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Cruz v. Sarmiento

September 02, 1999


The opinion of the court was delivered by: Terry, Associate Judge

Appeals from the Superior Court of the District of Columbia

(Hon. Evelyn E.C. Queen, First Trial Judge) (Hon. John H. Suda, Second Trial Judge)

Argued November 12, 199

Cameron C. Powell, with whom Sybil Meloy was on the brief, for appellant.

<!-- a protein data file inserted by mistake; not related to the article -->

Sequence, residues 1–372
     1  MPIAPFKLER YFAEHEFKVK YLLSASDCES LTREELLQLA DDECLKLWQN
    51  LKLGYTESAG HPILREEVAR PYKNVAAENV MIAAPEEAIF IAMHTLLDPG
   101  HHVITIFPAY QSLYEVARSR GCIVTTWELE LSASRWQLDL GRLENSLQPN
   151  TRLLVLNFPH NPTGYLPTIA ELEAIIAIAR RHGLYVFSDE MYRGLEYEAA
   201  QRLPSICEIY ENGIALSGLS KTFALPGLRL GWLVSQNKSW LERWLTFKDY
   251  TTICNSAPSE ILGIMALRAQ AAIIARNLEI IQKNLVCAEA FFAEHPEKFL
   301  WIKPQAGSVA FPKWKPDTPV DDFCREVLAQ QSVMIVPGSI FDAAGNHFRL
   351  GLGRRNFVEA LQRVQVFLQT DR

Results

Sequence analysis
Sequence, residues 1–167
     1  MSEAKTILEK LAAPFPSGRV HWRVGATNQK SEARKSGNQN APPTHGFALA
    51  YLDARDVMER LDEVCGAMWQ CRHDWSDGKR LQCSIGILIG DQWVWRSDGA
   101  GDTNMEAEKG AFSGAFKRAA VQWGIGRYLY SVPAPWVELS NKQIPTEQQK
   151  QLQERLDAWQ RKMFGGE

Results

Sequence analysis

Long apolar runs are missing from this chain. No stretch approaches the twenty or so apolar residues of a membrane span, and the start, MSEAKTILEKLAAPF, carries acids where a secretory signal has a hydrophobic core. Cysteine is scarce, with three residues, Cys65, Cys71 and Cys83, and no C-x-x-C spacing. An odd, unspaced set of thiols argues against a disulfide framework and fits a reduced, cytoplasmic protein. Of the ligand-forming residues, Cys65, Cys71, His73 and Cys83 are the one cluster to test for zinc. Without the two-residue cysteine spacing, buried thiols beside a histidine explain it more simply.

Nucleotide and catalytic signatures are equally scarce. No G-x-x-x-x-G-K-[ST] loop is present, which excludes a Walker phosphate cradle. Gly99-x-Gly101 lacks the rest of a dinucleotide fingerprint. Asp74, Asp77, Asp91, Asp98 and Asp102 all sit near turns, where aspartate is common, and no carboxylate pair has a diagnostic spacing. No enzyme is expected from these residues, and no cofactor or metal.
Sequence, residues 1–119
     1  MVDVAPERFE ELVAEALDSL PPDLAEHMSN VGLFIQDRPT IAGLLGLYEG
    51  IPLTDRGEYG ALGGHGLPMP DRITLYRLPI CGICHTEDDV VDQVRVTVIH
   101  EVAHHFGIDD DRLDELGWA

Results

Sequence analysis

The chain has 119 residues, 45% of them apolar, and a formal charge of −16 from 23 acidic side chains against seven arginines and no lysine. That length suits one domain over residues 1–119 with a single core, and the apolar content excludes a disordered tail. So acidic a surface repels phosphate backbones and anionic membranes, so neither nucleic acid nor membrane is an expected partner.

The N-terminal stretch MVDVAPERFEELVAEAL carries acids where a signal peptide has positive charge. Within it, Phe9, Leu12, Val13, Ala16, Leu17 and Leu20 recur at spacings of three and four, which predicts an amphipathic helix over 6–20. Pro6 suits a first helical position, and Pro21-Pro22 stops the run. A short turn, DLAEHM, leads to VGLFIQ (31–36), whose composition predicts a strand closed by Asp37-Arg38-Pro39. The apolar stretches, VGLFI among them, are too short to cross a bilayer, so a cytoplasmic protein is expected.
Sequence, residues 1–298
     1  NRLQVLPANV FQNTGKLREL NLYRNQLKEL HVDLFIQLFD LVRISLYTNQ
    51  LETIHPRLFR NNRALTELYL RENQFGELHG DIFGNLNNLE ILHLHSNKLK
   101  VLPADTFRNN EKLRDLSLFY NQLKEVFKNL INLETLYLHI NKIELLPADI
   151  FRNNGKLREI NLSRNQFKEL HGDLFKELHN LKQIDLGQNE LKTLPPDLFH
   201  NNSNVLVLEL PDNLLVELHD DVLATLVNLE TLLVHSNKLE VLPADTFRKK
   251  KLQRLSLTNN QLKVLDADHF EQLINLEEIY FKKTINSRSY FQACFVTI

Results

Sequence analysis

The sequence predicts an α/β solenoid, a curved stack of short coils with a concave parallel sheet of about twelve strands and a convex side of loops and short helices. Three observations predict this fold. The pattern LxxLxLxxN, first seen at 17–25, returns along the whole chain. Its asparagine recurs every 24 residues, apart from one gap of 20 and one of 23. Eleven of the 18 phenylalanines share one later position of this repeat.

This is an appeal from the denial of a motion to set aside a default divorce judgment obtained by appellee Sarmiento. Appellant Cruz contends that the trial court abused its discretion when it refused to reopen the case, arguing that the Judge who originally entered the default judgment erred when she granted Mr. Sarmiento's motion for substituted service by publication. According to Ms. Cruz, Mr. Sarmiento's motion was deficient because it lacked information required by D.C. Code § 13-338 (1996) and by our decision in Bearstop v. Bearstop, 377 A.2d 405 (D.C. 1977). For that reason, she maintains, the service by publication was invalid, and as a result the default judgment was void. Ms. Cruz also contends that the trial court erred when it ruled that certain Discussions between Mr. Sarmiento and his attorneys were protected by the attorney-client privilege. We hold that the first trial Judge erred in granting the motion for substituted service, and that the second trial Judge therefore abused his discretion when he denied Ms. Cruz's motion under Super. Ct. Dom. Rel. R. 60 (b)(4) *fn1 to vacate the default judgment and reopen the case. We therefore reverse the denial of Ms. Cruz's Rule 60 (b)(4) motion and remand the case for further proceedings. *fn2